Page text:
#2 in Love Is Action Series
This is the second in a series of articles about how to be in relationship with someone who is mentally un-well, unstable, downright ill, or who behaves that way. With the number of Americans who take some kind of prescription drug for depression and other mental illnesses, it is safe to say that people who are suffering from being mentally and emotionally un-well are everywhere. Rather than shun them or leave them, this series of articles is about helping to love them into better behavior and maybe even into wholeness.
Many people take the crazy behavior of a loved one as long as they can and then throw in the towel. Some last two months, others last two years, and still others somehow manage to hang on for decades, often in misery. The problem is that the people who stay are often suffering through it all, and the behavior of the other person never changes. If you are suffering through a relationship with someone who doesn’t behave well, and who you can’t or don’t want to leave, this is for you.
There are some rude, mean, and hurtful people who we simply cannot eliminate from our lives. We can’t leave a parent with Alzheimer’s. We wouldn’t divorce a spouse who’s behaving erratically because of a brain tumor. We don’t abandon a child who was born with a defect. When we’re dealing with people who we know can’t help their behavior, we are able to bite our tongues and dig deep for more patience when they dance on our last nerve.
People who don’t behave well aren’t at their best, not because they are inherently evil. They’re not at their best because they are not well physically, mentally, or emotionally. These people are everywhere. Some of them are the people closest to us—aging parents, life partners, children, teens in their normal role of separating from parents, bosses, friends, and neighbors.
People who aren’t behaving well can challenge our ability to be happy. They can be unreasonable, irritable, or downright mean. And they often aim all of that ugliness directly toward the people they are closest to (and safest with)—us.
Many of us find ourselves in relationships with these people. We love them. We want to help them. But in the process of helping, we sometimes (ok, often) get hurt. Helping un-well people can be a lot like trying to hug a porcupine.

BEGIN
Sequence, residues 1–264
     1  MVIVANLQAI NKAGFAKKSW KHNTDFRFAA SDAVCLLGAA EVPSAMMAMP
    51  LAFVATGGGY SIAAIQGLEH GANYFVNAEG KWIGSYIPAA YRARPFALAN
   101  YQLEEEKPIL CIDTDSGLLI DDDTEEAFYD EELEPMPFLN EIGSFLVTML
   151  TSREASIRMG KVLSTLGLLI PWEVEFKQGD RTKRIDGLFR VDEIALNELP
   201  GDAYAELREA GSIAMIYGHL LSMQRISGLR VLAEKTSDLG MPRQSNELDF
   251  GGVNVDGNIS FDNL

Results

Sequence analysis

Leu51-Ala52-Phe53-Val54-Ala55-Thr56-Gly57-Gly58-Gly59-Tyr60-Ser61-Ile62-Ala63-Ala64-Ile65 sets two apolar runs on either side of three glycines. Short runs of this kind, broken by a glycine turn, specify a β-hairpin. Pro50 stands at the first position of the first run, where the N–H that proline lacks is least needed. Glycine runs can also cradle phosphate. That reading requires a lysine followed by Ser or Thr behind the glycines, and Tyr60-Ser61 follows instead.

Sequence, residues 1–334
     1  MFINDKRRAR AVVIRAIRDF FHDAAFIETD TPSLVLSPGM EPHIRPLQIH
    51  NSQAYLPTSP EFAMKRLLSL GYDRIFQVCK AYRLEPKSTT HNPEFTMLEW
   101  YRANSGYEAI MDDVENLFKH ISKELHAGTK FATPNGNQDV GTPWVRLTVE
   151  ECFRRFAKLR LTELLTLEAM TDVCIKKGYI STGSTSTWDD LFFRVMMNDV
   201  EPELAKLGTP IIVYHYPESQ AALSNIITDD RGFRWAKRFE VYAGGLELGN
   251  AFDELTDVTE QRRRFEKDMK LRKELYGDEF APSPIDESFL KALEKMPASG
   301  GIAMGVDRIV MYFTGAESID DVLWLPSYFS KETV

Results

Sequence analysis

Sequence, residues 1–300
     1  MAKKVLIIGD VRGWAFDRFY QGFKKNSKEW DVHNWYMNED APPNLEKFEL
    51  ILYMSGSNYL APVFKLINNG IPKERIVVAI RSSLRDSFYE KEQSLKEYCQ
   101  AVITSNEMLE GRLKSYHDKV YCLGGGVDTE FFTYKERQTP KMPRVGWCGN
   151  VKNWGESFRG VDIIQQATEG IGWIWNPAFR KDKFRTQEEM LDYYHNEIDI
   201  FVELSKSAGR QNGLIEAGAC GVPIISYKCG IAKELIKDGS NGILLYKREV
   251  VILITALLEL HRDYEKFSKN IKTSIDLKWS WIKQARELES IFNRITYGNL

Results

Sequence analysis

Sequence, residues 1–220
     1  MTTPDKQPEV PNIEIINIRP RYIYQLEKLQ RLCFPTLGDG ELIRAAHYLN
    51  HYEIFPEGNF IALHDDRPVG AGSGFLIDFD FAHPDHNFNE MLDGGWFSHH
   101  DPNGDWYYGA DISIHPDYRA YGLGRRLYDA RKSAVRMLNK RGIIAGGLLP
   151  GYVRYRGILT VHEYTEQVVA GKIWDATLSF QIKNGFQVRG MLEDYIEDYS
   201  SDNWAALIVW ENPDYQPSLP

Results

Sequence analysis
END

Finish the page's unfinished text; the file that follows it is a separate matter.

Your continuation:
Well-meaning friends will tell us to leave. They tell us that we don’t have to be a doormat. Some even say things like “God doesn’t intend for you to be miserable. You should LEAVE!” To them I say, “It’s possible to love someone into wholeness. And doing that work is one of the most noble things that anyone can do in this life. And you may be in that person’s life because you are the only one who can reach them.”
When you find yourself doing life with someone who isn’t treating you well, please don’t let your first
response be to leave. The person who is mistreating you may be, on some level, trying to push you hard enough to test you to see if you’ll leave before he or she is willing to open up to you completely. That was my story.
I was abandoned by both parents and abused by grandparents for the first 16 years of my life. By the time my husband came along, I had been lied to and cheated on by others, so I expected him to hurt me and to eventually leave. My fear was logical. It was grounded in my life experience.
So to hasten what I was sure was going to eventually happen anyway, I picked fights with him. I worked late, standing him up for dinner dates. I chose plans with girlfriends over plans with him. And the ultimate insult—I put the garage door down on his beloved car. His response to that last poke in the eye was to chase me up the stairs of my house to grab me, get his face just inches from mine, and to say, “I know that everyone has always left you, but I am NOT going to leave you. Not now. Not ever. No matter what. Can you get that?”
We’ve been married for nearly 30 years. I’m grateful that my husband refused to let me push him away. He saw past my rough exterior to the wounded person who was beneath those porcupine quills. He poured love in where there was a hole in my heart that had resulted from abandonment by people who should have loved and protected me. In the early years of our marriage, pouring love into my heart must have felt like filling a bucket that had holes in the bottom. But he refused to give up, and eventually the sense of acceptance, belonging, and value that he gave me, loved me into wholeness. I know first hand that love that isn’t conditioned on behavior is like healing balm on an open wound.
In the third, and final, blog on this topic, I’ll give you five substantive things that you can do to live with someone who acts like a jerk, hopefully resulting in their better behavior and your happiness.